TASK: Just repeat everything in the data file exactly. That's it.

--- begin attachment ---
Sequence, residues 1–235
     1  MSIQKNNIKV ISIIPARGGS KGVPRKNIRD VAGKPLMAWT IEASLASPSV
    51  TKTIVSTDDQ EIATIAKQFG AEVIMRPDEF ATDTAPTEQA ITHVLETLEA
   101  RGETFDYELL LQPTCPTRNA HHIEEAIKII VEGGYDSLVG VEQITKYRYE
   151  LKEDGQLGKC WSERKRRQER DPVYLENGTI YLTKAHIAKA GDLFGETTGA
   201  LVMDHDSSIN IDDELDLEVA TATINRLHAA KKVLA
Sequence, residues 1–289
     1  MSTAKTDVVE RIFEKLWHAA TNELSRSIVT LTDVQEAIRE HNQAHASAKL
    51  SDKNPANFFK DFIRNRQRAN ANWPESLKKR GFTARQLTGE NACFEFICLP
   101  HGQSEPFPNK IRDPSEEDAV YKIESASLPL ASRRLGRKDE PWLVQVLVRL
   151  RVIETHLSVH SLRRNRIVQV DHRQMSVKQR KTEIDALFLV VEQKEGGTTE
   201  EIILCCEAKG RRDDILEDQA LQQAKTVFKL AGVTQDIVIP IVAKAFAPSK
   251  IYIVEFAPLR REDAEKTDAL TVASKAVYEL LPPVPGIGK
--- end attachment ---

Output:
Sequence, residues 1–235
     1  MSIQKNNIKV ISIIPARGGS KGVPRKNIRD VAGKPLMAWT IEASLASPSV
    51  TKTIVSTDDQ EIATIAKQFG AEVIMRPDEF ATDTAPTEQA ITHVLETLEA
   101  RGETFDYELL LQPTCPTRNA HHIEEAIKII VEGGYDSLVG VEQITKYRYE
   151  LKEDGQLGKC WSERKRRQER DPVYLENGTI YLTKAHIAKA GDLFGETTGA
   201  LVMDHDSSIN IDDELDLEVA TATINRLHAA KKVLA
Sequence, residues 1–289
     1  MSTAKTDVVE RIFEKLWHAA TNELSRSIVT LTDVQEAIRE HNQAHASAKL
    51  SDKNPANFFK DFIRNRQRAN ANWPESLKKR GFTARQLTGE NACFEFICLP
   101  HGQSEPFPNK IRDPSEEDAV YKIESASLPL ASRRLGRKDE PWLVQVLVRL
   151  RVIETHLSVH SLRRNRIVQV DHRQMSVKQR KTEIDALFLV VEQKEGGTTE
   201  EIILCCEAKG RRDDILEDQA LQQAKTVFKL AGVTQDIVIP IVAKAFAPSK
   251  IYIVEFAPLR REDAEKTDAL TVASKAVYEL LPPVPGIGK